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Importance of Treponema for dental disease in dogs

Last changed: 24 January 2019

Periodontal disease is common in dogs and is initiated by gingival plaque composed of several hundred bacterial species. Some of these species have specifically been pointed out as potential periodontal pathogens, such as Treponema spp.

Treponema spp. are difficult to culture and therefore the majority have been detected by culture-independent methods, such as PCR (Polymerase Chain Reaction). This leaves many Treponema spp. uncharacterized and unnamed.

In this study, treponemes were investigated in gingival plaque from dogs with varying degree of periodontal disease with the aim to describe their occurrence and diversity in dogs. The methods used were culture, phase-contrast microscopy, PCR targeting the 16SrRNA-tRNAIle intergenic spacer region (ISR2), sequencing of the ISR2 and phylogenetic analysis.

Treponema spp. were detected in samples from 10 out of 11 dogs and isolates were obtained from six dogs. Both healthy and periodontitis affected dogs were Treponema positive. Phylogenetic analysis, based on ISR2 sequences, revealed a large diversity of treponemes in the study population that were found to be distributed mainly in two groups, corresponding to the human oral treponeme phylogroups II (Treponema denticola) and IV (Treponema maltophilum) genetic groups. They were generally more distantly related to other treponemes in these groups. Treponemes from dogs with periodontitis and dogs with mild gingivitis without periodontitis did not differ in any obvious way.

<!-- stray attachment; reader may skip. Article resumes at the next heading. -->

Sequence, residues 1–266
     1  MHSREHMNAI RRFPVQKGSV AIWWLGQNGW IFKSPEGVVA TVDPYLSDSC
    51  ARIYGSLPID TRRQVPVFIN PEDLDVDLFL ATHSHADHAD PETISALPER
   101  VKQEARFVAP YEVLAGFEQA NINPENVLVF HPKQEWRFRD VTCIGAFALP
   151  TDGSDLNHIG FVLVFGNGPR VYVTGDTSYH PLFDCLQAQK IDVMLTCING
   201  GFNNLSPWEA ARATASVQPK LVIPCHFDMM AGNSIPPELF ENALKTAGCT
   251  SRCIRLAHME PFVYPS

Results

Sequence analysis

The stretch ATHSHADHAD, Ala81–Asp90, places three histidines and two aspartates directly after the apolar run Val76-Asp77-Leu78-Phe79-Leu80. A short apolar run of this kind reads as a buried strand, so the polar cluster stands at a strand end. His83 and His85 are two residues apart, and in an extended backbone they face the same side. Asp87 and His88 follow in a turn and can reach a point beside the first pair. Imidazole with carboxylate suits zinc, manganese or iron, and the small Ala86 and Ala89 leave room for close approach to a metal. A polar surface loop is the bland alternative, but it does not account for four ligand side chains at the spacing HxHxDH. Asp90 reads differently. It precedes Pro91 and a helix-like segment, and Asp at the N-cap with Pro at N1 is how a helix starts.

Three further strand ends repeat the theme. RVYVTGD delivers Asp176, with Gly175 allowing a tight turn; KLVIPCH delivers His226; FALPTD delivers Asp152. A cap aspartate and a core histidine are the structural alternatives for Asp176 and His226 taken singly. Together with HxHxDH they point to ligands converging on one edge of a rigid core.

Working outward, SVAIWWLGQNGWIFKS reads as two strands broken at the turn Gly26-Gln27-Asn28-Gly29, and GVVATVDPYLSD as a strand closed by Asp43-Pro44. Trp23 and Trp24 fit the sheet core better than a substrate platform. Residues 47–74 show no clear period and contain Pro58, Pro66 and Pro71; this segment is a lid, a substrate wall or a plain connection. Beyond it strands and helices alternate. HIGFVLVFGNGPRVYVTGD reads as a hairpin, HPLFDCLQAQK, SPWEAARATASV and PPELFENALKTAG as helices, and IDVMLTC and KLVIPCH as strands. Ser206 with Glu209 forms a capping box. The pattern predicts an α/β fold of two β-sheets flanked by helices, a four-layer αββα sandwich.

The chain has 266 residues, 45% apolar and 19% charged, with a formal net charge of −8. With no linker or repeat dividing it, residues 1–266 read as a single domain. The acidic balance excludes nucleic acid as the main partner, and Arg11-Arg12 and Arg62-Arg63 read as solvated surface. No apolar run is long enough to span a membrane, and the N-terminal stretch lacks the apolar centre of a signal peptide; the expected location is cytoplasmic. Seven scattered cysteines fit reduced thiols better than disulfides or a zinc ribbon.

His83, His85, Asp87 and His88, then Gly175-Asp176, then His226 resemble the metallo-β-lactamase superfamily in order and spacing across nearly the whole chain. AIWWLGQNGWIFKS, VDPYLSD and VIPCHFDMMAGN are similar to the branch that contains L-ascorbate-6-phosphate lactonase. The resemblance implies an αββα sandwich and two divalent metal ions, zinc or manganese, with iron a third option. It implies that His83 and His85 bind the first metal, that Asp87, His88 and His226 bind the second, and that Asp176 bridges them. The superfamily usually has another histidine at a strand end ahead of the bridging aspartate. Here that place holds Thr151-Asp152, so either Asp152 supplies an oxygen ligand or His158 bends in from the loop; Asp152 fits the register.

The results indicate that several phylotypes of oral treponemes are common in dogs regardless of periodontal status.

Link to the publication


Nises, J., Rosander, A., Pettersson, A., & Backhans, A. (2018). The occurrence of Treponema spp. in gingival plaque from dogs with varying degree of periodontal disease. PLoS ONE, 13(8), e0201888.


Annette Backhans
Lecturer at the Department of Clinical Sciences; Swine and Poultry Medicine Unit                                                        

Telephone: 018-672912